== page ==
Regards,
Grant

P.S. This is the theory as I understand it. My power electronics theory is a little rusty as I haven't used it for 10 years until this year starting up with my first LOR attempt - hopefully if I have got something wrong here Dan or others can correct me.

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The "snubbers" that people are referring to is actually just a "load." I think we all should stay away from the word "snubber" from now on, as it is confusing.

Stan

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Sorry Stan, but snubber is the proper term to use. A resistor in series with a cap in parallel with the input and output is correct if the input and output is the source side of the Triac and the output side of the Triac. Now if you put it across the output of the Triac and netural terminals it is a load. See the difference? We at work will put an R.C. circuit across the contacts of a relay to snub out the CEMF of an inductive load so that the contact do not burn out as fast from the CEMF induced ARC. The purpose of the snubber is to reduce the ARC.

And in sense that is what Grant is talking about.

Max

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Ahhhh...... yes, I do see the difference. Also, the zip cord or any extension cord does have parasitic capacitance as well.



Max-Paul wrote:

Sorry Stan, but snubber is the proper term to use. A resistor in series with a cap in parallel with the input and output is correct if the input and output is the source side of the Triac and the output side of the Triac. Now if you put it across the output of the Triac and netural terminals it is a load. See the difference? We at work will put an R.C. circuit across the contacts of a relay to snub out the CEMF of an inductive load so that the contact do not burn out as fast from the CEMF induced ARC. The purpose of the snubber is to reduce the ARC.

And in sense that is what Grant is talking about.

Max
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stanward wrote:

Ahhhh...... yes, I do see the difference. Also, the zip cord or any extension cord does have parasitic capacitance as well.

Thats true and it is also true of any close parallel running pair of wires. But usually the inductance is greater that the capacitance.

Max

Stan, good discussion. Are you by chance an Amateur Radio Op? KF0OX


Max-Paul wrote:
Sorry Stan, but snubber is the proper term to use. A resistor in series with a cap in parallel with the input and output is correct if the input and output is the source side of the Triac and the output side of the Triac. Now if you put it across the output of the Triac and netural terminals it is a load. See the difference? We at work will put an R.C. circuit across the contacts of a relay to snub out the CEMF of an inductive load so that the contact do not burn out as fast from the CEMF induced ARC. The purpose of the snubber is to reduce the ARC.

And in sense that is what Grant is talking about.

Max

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Hi Max,

Yes, I am a HAM, WH6CMB. Only a tech, haven't tried for my General yet (been a Tech for 20 years now). I haven't used my radio in ages........... Also am an EE too, but heck, what do I know?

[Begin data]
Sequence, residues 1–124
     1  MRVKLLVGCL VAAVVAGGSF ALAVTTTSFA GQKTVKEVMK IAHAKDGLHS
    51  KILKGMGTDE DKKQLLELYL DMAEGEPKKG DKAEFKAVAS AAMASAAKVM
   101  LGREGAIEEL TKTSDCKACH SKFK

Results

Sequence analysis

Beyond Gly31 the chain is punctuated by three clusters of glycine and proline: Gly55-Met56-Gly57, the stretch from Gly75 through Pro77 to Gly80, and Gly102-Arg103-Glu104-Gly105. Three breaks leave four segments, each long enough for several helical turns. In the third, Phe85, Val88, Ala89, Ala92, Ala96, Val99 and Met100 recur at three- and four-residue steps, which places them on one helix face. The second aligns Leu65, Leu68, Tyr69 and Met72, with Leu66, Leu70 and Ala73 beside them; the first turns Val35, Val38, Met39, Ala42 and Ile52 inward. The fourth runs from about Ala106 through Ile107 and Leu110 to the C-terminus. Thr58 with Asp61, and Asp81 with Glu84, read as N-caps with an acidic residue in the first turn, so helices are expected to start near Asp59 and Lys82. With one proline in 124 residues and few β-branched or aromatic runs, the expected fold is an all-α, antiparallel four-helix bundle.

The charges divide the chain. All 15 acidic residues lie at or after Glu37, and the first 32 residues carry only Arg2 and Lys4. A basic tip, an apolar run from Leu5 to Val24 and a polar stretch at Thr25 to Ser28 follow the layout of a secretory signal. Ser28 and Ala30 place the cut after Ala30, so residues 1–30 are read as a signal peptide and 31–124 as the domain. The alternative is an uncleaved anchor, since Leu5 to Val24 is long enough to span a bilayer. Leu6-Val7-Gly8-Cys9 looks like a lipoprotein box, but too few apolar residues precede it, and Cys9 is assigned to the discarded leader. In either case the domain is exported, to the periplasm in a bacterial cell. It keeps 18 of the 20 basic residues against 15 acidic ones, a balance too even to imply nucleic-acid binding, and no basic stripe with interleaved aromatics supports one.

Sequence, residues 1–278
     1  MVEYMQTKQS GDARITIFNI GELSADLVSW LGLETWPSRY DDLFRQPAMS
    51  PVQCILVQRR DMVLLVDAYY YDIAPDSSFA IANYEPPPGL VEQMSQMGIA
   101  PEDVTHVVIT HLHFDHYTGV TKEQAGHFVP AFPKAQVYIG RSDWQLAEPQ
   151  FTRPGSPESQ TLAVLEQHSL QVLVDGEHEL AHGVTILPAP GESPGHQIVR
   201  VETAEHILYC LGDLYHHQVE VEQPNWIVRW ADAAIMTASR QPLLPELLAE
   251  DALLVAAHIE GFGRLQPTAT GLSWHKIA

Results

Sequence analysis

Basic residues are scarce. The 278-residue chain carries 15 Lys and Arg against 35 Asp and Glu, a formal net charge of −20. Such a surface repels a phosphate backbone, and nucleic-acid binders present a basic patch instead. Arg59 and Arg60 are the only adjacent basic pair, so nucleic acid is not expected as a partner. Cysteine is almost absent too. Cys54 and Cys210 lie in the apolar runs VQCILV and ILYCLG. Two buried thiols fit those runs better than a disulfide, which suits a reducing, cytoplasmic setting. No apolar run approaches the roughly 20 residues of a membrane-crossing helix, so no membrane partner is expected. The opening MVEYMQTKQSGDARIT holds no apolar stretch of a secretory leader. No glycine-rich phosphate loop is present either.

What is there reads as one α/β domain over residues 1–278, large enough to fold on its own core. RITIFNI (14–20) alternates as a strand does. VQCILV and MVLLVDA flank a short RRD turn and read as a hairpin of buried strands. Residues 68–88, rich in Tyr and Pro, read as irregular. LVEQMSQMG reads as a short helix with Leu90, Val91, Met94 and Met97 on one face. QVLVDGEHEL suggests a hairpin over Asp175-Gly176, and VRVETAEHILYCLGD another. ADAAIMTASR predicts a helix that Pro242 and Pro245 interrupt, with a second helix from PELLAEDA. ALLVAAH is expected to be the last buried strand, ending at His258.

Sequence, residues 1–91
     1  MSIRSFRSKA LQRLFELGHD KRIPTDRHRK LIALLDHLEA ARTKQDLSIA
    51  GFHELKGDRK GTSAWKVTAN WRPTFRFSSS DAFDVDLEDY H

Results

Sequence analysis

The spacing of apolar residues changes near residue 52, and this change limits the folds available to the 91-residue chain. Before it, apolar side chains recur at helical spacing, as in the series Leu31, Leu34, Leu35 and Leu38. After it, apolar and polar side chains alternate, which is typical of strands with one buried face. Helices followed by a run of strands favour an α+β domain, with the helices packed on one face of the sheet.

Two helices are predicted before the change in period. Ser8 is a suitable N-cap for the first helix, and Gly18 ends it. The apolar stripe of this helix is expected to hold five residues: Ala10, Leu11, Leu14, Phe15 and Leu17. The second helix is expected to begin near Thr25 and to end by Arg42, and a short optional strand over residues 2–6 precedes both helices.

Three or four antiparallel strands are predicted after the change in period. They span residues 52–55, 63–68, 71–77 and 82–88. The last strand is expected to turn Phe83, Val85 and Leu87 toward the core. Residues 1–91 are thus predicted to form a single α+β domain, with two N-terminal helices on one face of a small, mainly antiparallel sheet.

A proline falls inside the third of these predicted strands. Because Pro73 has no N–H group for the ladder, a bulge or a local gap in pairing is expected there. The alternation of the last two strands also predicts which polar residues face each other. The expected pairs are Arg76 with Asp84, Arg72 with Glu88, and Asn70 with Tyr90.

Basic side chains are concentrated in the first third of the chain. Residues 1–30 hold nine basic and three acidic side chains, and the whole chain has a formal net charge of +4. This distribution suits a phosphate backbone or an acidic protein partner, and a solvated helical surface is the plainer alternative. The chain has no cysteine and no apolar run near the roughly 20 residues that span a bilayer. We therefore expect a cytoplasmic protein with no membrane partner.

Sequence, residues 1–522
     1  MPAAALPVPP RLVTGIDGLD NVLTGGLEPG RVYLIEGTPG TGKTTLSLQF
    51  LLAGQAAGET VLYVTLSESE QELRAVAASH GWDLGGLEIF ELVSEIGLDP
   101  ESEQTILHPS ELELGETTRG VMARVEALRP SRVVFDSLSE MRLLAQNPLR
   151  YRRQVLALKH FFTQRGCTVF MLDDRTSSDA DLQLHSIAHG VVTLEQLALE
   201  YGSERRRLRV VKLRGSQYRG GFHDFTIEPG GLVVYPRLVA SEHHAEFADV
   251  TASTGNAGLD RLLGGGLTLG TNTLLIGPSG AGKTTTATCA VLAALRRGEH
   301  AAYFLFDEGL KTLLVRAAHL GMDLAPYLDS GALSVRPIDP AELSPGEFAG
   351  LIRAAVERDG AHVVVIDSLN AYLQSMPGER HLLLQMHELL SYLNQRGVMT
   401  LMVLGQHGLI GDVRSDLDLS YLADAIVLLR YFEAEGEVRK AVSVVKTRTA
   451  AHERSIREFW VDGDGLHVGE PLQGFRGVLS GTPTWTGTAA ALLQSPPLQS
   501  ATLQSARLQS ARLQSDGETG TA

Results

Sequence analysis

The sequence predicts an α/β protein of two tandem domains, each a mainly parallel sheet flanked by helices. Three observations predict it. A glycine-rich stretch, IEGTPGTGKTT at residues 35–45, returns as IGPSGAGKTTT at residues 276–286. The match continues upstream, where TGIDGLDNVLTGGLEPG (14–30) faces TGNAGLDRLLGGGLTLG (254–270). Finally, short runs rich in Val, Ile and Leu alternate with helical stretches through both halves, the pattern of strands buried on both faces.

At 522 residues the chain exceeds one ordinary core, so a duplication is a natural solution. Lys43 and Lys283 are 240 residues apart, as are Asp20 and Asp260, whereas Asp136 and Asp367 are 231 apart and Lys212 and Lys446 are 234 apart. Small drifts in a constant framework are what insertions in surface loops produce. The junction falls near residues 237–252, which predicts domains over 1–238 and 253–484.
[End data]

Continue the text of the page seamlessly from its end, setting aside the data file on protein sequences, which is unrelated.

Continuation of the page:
Where are you located?????

Stan

Max-Paul wrote:

stanward wrote:
Ahhhh...... yes, I do see the difference. Also, the zip cord or any extension cord does have parasitic capacitance as well.

Thats true and it is also true of any close parallel running pair of wires. But usually the inductance is greater that the capacitance.

Max

Stan, good discussion. Are you by chance an Amateur Radio Op? KF0OX




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Hi Stan,

Shame to say also, I have not fired up a radio for the past 8 yrs, and then it was only 2mtrs. QTH is about 60 miles west of the Gateway Arch in St. Louis, off of I-70.

Not and EE myself, but I used to do componet level repair and reverse engineering. No expert, but my father-in-law used to say "you know some shite". Man had no EE, but was involved with the Astronauts and the Mercury capsule. He too was a ham W0NSV but SK now 10 yrs.

Good to meet you.

73
De Max

BTW the internet is the bane of Amateur Radio. Look at us chatting and not having to wait for skip to come in or light up our neibhors with 1KW.

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You seem to know a heck of a lot for an electrician! Yeah, the internet really changed a whole lot of stuff! I guess no motivation for me as well to use the radio to chat. No need for QSL cards anymore? Do they have "online" QSL cards we could send each other?

I also heard, there are programs that would interpret CW as well. I also heard that the future licensing may remove the CW aspect of it?



Max-Paul wrote:

Hi Stan,

Shame to say also, I have not fired up a radio for the past 8 yrs, and then it was only 2mtrs. QTH is about 60 miles west of the Gateway Arch in St. Louis, off of I-70.

Not and EE myself, but I used to do componet level repair and reverse engineering. No expert, but my father-in-law used to say "you know some shite". Man had no EE, but was involved with the Astronauts and the Mercury capsule. He too was a ham W0NSV but SK now 10 yrs.

Good to meet you.

73
De Max

BTW the internet is the bane of Amateur Radio. Look at us chatting and not having to wait for skip to come in or light up our neibhors with 1KW.